Amazon is willing to do whatever it takes to get what it can out of the parts of Middle-earth it holds—including working with the other proverbial ringbearers in the franchise’s complex web of rights-owners. And if that means trying again at the world of gaming, so be it.
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Today Amazon Games and Embracer Group—the latter of which, as the owner of Middle-earth Enterprises, has the adaptive rights to many elements of Tolkien’s Lord of the Rings and Hobbit tales that Amazon does not through its deal to make Rings of Power—announced a partnership to develop a brand new Massively Multiplayer Online RPG set in Middle-earth.
The as-yet-untitled game will be developed by Amazon Games’ own Amazon Games Orange County studio, the team behind Amazon’s prior MMO New World, which experienced a diplomatically rocky launch. The new Middle-earth MMO will be built off the same Azoth Engine as New World, but developed in a new form that Amazon intends to “deliver something that feels distinct from New World and fitting for the world of Middle-earth. The team has some big plans for the next generation of New World’s Azoth Engine that will unlock exciting new possibilities for its take on Middle-earth.” (Unsurprisingly, they like being able to say “Middle-earth” a lot.)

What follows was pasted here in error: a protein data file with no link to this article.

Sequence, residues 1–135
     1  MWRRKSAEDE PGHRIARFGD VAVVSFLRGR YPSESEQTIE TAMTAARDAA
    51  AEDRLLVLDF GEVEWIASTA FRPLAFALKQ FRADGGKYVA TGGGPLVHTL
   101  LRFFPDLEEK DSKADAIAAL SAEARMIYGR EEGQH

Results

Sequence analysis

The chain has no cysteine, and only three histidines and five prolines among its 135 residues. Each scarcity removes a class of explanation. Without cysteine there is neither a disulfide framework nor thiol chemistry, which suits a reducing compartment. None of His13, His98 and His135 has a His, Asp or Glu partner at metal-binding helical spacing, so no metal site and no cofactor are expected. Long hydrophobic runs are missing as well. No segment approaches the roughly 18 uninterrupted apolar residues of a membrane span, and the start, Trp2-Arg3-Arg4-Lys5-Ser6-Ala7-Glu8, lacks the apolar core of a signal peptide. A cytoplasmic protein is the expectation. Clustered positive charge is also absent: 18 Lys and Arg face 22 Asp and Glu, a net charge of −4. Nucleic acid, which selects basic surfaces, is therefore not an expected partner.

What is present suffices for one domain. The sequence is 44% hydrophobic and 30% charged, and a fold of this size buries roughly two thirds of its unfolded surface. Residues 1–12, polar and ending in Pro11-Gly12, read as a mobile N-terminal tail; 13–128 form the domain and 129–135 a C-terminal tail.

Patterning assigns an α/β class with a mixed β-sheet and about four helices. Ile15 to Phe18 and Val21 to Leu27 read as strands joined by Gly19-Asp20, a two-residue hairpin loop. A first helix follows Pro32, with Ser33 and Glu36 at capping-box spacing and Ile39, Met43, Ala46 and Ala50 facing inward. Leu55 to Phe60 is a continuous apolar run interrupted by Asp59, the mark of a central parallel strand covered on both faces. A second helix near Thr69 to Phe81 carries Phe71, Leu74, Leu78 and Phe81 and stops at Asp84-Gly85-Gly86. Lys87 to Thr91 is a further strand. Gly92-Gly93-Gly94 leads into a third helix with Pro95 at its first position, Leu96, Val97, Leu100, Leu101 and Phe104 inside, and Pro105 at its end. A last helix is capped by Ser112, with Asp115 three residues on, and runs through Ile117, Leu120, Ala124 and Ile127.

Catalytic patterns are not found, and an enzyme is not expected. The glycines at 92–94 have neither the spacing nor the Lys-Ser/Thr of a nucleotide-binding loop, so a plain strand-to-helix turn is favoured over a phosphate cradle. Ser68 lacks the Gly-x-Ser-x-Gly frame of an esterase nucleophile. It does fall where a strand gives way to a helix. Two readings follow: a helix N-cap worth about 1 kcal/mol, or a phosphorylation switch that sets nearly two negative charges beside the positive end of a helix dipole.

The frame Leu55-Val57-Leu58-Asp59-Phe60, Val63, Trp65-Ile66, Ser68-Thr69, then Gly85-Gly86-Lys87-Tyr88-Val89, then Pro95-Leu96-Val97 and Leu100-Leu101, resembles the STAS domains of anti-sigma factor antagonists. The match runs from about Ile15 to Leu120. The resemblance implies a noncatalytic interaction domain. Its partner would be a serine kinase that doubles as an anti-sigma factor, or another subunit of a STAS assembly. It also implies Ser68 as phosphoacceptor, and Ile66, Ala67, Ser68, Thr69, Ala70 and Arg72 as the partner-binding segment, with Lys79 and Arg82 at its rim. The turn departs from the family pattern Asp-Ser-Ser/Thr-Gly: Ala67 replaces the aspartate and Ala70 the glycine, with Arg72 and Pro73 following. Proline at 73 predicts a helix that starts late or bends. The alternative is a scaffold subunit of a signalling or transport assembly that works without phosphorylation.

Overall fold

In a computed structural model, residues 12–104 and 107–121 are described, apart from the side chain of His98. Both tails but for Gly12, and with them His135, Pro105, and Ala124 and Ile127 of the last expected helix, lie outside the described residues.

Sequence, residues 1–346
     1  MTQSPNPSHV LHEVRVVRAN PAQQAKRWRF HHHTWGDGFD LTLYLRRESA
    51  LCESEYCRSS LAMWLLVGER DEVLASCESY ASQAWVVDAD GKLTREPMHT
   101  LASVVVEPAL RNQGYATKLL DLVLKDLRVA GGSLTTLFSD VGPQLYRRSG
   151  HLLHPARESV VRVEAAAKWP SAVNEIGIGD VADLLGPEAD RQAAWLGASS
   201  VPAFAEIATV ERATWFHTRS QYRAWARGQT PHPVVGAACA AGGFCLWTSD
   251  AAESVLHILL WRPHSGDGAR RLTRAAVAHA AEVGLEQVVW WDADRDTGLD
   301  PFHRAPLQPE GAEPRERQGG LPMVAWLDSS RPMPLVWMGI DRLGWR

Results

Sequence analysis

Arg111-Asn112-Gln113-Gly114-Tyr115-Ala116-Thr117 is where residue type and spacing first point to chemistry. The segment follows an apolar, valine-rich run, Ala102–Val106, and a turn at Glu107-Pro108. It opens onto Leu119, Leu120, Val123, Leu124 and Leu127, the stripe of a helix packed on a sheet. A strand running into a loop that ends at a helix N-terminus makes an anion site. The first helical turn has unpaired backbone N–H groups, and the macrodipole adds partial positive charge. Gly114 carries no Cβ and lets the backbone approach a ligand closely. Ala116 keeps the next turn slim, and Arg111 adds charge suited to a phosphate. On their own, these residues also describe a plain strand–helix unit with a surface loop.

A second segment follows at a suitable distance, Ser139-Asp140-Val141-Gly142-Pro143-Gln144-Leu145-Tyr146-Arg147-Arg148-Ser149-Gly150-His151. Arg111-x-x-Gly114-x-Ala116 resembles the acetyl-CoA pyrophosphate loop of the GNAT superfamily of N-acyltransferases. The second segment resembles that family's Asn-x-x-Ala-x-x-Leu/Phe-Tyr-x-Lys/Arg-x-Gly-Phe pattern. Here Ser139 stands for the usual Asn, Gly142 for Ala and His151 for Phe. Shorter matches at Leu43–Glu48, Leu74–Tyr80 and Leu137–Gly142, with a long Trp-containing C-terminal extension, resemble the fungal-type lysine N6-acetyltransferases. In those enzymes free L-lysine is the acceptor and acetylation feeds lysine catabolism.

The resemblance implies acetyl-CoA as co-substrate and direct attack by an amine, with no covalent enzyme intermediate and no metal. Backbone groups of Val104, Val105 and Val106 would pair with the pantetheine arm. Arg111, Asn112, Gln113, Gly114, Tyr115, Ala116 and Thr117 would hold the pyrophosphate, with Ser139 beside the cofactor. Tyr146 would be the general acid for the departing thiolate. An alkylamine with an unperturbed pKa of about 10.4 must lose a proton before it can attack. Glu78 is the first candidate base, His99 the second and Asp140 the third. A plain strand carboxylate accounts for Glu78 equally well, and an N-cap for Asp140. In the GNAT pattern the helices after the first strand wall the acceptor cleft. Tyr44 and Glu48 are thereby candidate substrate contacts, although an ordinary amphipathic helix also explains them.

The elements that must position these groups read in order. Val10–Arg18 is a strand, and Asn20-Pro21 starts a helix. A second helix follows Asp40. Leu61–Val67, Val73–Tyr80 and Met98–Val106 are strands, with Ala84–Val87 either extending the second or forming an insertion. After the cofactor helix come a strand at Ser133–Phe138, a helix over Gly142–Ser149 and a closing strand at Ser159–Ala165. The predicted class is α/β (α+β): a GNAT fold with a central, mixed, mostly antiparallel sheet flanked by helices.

This is neither the first MMO set in Tolkien’s world—Lord of the Rings Online, developed by Standing Stone Games, has been running since 2007—nor is it even the first time Amazon has announced that it’s working on a Lord of the Rings MMO. In the run up to Rings of Power’s release, Amazon announced that it would team with the Chinese developer Leyou Technologies to work on the company’s own MMO, set before the events of The Hobbit and The Lord of the Rings, but the deal ultimately collapsed amid Leyou’s acquisition by Chinese giant Tencent. “We were so excited to get that first opportunity to build an MMO based on one of the world’s most beloved fantasy properties, so it broke our hearts when that initial deal ultimately fell through,” Christoph Hartmann, vice president of Amazon Games, said in a press release. “We were so endeared to Tolkien’s world and the project that we never gave up on the possibility of one day bringing it back to the table. So, you can imagine our absolute delight when our friends at Embracer Group and Middle-earth Enterprises formally gave us the green light to get to work.”
Maybe this time, given a direct collaboration between two of the major rights owners of Middle-earth’s vast and complex history, things might seem better-fated to actually pan out.
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